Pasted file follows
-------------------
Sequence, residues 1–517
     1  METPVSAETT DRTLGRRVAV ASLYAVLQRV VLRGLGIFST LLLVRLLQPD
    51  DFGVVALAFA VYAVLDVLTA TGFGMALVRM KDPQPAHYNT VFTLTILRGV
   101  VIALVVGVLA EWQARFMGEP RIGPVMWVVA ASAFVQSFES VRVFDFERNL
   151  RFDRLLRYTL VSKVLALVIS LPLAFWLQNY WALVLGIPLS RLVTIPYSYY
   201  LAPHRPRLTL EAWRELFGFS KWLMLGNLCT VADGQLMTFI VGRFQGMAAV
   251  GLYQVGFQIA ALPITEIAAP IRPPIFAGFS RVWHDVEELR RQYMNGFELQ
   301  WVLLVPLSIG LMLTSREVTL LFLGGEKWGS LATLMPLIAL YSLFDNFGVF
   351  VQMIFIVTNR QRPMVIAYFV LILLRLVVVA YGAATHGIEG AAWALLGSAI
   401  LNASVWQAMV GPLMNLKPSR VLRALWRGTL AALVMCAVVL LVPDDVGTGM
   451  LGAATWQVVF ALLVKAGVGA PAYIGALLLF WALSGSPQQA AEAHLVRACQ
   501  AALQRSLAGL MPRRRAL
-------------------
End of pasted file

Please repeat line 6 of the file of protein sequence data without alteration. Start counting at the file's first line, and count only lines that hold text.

   201  LAPHRPRLTL EAWRELFGFS KWLMLGNLCT VADGQLMTFI VGRFQGMAAV